Smarter Charitable Giving through a Donor Advised Fund

Strategic charitable giving can help reduce income taxes during an individual’s lifetime and after a person’s death.  Under the 2017 tax law, the “Tax Cuts and Jobs Act,” an individual can receive a charitable deduction from the person’s income taxes for charitable donations up to 60% of adjusted gross income.  One way to take a charitable deduction is to make a contribution directly to a charity.  However, another option that provides greater flexibility on the timing of tax benefits and charitable contributions is to use a donor advised fund (DAF).

A donor advised fund (DAF) is an individual account for charitable giving that is established at a qualifying sponsoring organization.  Most sponsoring organizations are Section 501(c)(3) charitable organizations, although the IRS also allows war veterans organizations and domestic fraternal organizations to maintain DAFs.  Many for-profit financial institutions will partner with an affiliated 501(c)(3) organization, which is a DAF sponsoring organization.

Because the sponsoring organization is a charitable organization, the donor gets immediate tax benefits for making contributions into the donor’s individual DAF.  Once the donor makes the contribution, the sponsoring organization has legal control over it.  However, a key feature of a DAF is that the donor retains advisory privileges over the investments and distributions of the DAF, meaning the donor can select when, how much, and to whom distributions are made.  Because the IRS treats donations to a DAF as contributions to a public charity, the IRS does require that distributions out of the DAF must go to a public charity.  This means that distributions cannot go to individuals, private foundations, or other entities.

Depending on the sponsoring organization, DAFs provide a donor with numerous options.  For example, a sponsoring organization may structure the DAF so that the donor can have the DAF pay out everything upon the donor’s death, or the donor can select a successor to manage the DAF after the donor’s death.  The donor often has privacy options; grants from the DAF can be anonymous, under the name of the DAF account, or under the donor’s name.

The flexibility of a DAF can provide tax advantages over making direct contributions to a charity, too.  When an individual donates directly to a charity, the individual can only take the tax deduction in the year that the gift is made.  For example, let’s say an individual wants to donate $1,000 each year for the next ten years to a public charity.  If the individual makes these $1,000 contributions directly to the charity, the individual is only able to take a $1,000 tax deduction in each of those ten years.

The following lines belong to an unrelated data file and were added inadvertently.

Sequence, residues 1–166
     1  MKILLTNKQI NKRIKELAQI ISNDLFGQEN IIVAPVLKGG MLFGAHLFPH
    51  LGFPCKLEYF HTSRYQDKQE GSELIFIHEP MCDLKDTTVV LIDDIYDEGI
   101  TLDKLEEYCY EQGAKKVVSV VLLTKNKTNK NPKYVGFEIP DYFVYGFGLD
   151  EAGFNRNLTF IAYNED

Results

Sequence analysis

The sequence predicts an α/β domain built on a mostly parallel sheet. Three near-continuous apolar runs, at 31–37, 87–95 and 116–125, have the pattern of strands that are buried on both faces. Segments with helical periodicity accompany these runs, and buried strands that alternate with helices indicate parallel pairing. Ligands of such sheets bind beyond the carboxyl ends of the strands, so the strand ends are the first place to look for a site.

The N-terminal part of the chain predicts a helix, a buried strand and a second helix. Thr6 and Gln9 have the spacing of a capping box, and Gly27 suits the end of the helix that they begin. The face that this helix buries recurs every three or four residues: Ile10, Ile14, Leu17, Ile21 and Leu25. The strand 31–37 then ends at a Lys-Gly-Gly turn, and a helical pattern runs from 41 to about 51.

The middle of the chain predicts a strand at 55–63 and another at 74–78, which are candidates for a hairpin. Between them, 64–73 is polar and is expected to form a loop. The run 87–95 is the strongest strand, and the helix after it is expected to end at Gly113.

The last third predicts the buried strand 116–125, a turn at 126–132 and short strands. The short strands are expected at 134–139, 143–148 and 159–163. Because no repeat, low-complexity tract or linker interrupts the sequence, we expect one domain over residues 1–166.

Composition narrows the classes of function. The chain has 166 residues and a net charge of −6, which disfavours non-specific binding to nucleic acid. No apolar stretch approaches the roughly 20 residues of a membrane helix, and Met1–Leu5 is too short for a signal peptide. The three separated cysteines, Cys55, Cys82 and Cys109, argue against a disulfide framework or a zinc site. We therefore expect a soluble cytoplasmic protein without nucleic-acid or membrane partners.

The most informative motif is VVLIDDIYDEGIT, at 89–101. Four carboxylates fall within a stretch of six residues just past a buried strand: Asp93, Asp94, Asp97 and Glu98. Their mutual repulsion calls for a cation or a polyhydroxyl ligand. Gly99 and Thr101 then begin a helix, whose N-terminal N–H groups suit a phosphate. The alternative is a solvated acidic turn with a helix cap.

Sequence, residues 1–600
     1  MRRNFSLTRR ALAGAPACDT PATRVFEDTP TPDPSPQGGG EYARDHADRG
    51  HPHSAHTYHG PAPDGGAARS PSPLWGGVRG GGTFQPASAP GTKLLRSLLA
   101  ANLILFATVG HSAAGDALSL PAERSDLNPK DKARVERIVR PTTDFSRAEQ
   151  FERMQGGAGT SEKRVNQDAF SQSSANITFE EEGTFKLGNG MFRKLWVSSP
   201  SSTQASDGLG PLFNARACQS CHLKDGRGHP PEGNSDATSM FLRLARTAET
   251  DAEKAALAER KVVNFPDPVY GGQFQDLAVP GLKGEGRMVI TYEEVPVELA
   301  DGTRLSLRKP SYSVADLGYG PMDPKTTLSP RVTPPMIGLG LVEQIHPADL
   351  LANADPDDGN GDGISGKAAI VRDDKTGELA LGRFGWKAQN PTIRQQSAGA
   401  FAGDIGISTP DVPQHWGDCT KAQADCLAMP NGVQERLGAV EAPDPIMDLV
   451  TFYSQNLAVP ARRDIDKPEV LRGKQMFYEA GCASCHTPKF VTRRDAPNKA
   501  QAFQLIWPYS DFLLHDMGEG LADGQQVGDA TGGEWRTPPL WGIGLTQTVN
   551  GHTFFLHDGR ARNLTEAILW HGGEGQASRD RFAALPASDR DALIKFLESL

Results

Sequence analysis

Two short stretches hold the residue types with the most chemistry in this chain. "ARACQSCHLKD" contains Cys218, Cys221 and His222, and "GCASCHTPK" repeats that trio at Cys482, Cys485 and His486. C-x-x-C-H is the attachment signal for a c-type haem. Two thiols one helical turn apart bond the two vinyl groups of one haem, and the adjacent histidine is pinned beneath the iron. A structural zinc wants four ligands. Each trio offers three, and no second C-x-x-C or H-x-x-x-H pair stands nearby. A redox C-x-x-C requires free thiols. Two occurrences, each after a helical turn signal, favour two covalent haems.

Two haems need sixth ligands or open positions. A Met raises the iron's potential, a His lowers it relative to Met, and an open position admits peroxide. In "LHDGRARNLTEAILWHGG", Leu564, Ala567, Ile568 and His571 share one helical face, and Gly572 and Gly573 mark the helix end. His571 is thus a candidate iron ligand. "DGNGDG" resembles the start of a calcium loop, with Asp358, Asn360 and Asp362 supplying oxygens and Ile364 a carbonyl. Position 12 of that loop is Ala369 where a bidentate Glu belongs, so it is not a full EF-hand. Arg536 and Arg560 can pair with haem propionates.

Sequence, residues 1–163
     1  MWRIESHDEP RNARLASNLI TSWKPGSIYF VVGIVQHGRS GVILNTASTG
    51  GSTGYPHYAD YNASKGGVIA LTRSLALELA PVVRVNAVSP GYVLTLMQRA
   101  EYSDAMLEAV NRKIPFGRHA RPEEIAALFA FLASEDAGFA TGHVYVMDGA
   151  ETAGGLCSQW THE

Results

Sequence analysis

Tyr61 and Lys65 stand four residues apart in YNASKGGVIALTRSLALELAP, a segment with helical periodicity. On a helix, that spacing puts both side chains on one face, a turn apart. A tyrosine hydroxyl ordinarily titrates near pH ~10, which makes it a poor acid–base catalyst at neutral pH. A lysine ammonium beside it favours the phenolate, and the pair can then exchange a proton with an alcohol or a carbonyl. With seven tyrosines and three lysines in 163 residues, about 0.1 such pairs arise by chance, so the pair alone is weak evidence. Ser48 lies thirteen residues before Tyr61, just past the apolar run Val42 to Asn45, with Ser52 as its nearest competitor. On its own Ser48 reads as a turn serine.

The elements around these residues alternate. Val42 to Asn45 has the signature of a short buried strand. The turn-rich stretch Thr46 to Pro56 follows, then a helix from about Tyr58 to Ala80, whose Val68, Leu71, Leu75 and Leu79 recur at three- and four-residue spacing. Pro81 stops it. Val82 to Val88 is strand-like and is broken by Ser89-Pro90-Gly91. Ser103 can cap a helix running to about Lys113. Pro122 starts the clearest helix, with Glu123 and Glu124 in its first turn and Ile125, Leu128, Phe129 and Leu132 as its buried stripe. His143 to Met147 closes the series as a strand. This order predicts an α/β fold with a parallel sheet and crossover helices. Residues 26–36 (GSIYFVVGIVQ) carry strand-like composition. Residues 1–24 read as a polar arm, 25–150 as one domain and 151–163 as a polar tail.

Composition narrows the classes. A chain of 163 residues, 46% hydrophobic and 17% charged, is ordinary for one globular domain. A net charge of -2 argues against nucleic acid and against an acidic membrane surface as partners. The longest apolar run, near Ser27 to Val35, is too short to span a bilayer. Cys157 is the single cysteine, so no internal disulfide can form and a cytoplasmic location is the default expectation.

However, if the individual donates all $10,000 in year one to a DAF, the individual can take the entire $10,000 tax deduction right away.  The individual can then direct the sponsoring organization to make $1,000 donations to the public charity for each of the next ten years.  The end result is the same: the public charity gets ten annual donations of $1,000.  But by using a DAF, the individual can maximize tax benefits by strategically separating the year in which tax benefits are recognized from the year in which a public charity receives a contribution.  This is particularly helpful now that the 2017 changes to federal tax law increased the standard deduction amount to $12,000 for individuals, $18,000 for heads of households and $24,000 for married individuals filing jointly (to be adjusted for inflation occurring after 2018).  By “batching” donations in one tax year, taxpayers can sometimes take a larger deduction than the standard deduction.

One of the most efficient ways to make gifts to charities at death is through beneficiary designations of an IRA (or on other tax-deferred retirement assets such as 401(k)s).  If clients die before using all of their tax-deferred retirement accounts, whomever they designate as beneficiary of the account will pay income tax on the entire amount when he or she receives the money. There is one, big exception: if the beneficiary is a charity, the tax is never paid, because charities are tax-exempt.  If clients want to leave some assets to family or friends and some to charities, I recommend they chose their tax-deferred retirement assets (or some portion of them) to go to charities, and give the other assets, on which income tax was paid when the income was earned, to their loved ones.  The charities will not have to pay income tax on tax-deferred retirement assets; individuals will.  Thus, the clients can leave more to their loved ones by giving them assets that do not carry the obligation to pay income tax on the gift and the charities will benefit equally regardless of which assets they receive.

We have learned over the years that it can be difficult for a charity to receive an IRA directly, but using a DAF can be the perfect solution.  The owner of the IRA can make the DAF the beneficiary of the retirement account, and leave the list of charities to which the funds should go with the organization holding the DAF.  Because the sponsoring organization is a public charity, this results in a charitable deduction for the donor’s estate.  Moreover, if the donor nominates an heir as a successor on the DAF, that heir will be able to direct distributions from the DAF to public charities of the heir’s choice.

In sum, DAFs provide flexibility in charitable giving, both by maximizing tax advantages during an individual’s life and by simplifying transfers to charity after the individual’s death.


By: Brendan A. O’Donnell, Esq.